At rallies before the elections, which saw the ruling ZANU-PF party lose its parliamentary majority for the first time in 28 years of power, President Robert Mugabe made a point of giving out computers to teach children computer literacy.
At Mufakose 1 High School, 10 new computers were donated last year by the government. But only one is still working, and students never get to touch it. It’s been taken over by school office workers for typing letters.
In most schools, computers are a dream. Even textbooks are so scarce that 35 children must share one, according to the teachers union. Children sit crammed 80 to a classroom, sometimes on the floor.
At Mufakose 3, schoolboy Bernard Tinashe stared straight ahead with dreamy eyes as he painted a 10-year-old’s vision of someone in a white coat curing the dying and the sick. He recited his hopes and dreams in a singsong classroom voice, as if learned by rote.
“I-want-to-be-a-doctor-because-I-want-to-give-people-medicine-when-they’re-sick. Sometimes-they-don’t-get-medicine-because-in-this-country-there’s-no-medicine. To-learn-is-the-best-thing-in-Zimbabwe-so-that-you-can-be-educated-so-that-you-can-learn-something-that-you-can-do.”
When there aren’t enough teachers or there’s a strike (a frequent occurrence these days), children are sent home or spend the day outside playing.
“School’s boring,” Bernard said, “because there are no teachers and we don’t learn anything. You just sit and read books but the teachers are not there. Sometimes we are just sitting on the ground or sitting waiting for our parents to come and get us and then we’ll go home.”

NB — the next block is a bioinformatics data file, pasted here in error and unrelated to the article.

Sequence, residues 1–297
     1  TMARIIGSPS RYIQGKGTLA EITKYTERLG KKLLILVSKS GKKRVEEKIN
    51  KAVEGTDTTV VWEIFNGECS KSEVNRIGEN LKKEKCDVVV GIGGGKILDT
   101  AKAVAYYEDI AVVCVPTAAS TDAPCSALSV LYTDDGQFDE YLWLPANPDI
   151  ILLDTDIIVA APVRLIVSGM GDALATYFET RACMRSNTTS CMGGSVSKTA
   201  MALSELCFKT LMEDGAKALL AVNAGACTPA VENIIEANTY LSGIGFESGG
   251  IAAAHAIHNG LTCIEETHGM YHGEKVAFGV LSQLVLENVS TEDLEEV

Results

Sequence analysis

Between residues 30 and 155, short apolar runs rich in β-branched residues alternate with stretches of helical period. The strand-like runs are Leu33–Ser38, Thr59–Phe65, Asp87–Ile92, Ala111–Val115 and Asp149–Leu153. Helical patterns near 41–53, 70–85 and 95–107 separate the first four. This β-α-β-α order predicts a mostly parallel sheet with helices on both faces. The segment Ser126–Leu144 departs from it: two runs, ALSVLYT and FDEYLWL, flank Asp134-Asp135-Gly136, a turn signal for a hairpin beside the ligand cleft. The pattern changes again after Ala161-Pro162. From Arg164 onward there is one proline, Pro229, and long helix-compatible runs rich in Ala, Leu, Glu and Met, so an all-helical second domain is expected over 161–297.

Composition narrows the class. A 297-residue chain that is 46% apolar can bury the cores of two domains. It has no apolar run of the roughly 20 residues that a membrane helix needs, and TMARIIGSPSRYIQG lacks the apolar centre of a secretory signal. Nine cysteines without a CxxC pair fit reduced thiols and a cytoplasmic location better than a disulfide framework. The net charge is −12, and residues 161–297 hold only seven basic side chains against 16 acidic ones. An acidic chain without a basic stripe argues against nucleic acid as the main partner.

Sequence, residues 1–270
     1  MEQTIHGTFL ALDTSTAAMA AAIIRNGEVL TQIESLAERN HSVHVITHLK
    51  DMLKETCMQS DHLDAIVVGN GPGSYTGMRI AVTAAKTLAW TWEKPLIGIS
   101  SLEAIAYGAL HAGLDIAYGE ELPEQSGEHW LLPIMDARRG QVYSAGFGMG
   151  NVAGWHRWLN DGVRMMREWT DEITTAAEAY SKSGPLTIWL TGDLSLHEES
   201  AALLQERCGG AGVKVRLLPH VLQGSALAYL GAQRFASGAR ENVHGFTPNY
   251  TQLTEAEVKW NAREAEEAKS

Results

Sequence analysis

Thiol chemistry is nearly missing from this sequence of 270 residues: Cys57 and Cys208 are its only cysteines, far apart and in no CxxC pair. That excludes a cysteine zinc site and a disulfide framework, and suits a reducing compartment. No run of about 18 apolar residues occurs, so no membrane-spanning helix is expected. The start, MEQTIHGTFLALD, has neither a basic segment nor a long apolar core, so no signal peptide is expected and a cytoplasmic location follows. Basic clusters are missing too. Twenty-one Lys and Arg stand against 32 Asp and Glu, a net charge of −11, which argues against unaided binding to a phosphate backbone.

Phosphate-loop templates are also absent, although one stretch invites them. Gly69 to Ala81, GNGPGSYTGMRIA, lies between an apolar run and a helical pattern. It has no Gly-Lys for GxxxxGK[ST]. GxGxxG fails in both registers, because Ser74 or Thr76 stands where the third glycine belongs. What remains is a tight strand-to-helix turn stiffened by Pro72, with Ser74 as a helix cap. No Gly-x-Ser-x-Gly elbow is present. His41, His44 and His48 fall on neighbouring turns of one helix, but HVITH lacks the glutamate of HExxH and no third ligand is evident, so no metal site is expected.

He said some of the children were mischievously delighted when classes were canceled, but not him: “It makes me feel unhappy. I’ll never get to be educated. I’ll never get to be a doctor. I’m not learning.”
With education standards plummeting, the pass rate for the high school exams called the O-levels fell from about 70% in the mid-1990s to 13% last year.
The higher education system is equally troubled, starving Zimbabwe’s hospitals of doctors and the mining sector of engineers. Zimbabwe’s mining sector, the country’s last significant source of exports, needs 1,100 skilled specialists.
“The technical institutions have been smashed,” said Tony Hawkins, an independent economist. “We can’t regenerate our own skills.
“There are these myths about Zimbabwe having this highly educated workforce. Well, we did, but they have all gone. The second myth is that they will come back with a change of government. But the more skilled you are, the less likely you are to return.”
Catherine Mangwaira, 31, of Mufakose despairs for the future of her 14-year-old daughter, Privilege, a bright child who wants to be a flight attendant. It’s a dream Privilege feels slipping through her fingers.
“She had good results in grade 7,” Mangwaira said. “She says, ‘I love school, but l’m not learning anything.’ She’s even forgetting the things she’s learned before.”
Sandra Chiramba, 13, is so shy that she can barely whisper her hopes. She wriggled and looked away in an agony of embarrassment. She has trouble articulating her fears of how a poor education is ruining her future.
“I’m worried,” was all she could whisper. There was a long, painful silence. And suddenly her tears spilled, too many to catch on her fingertips.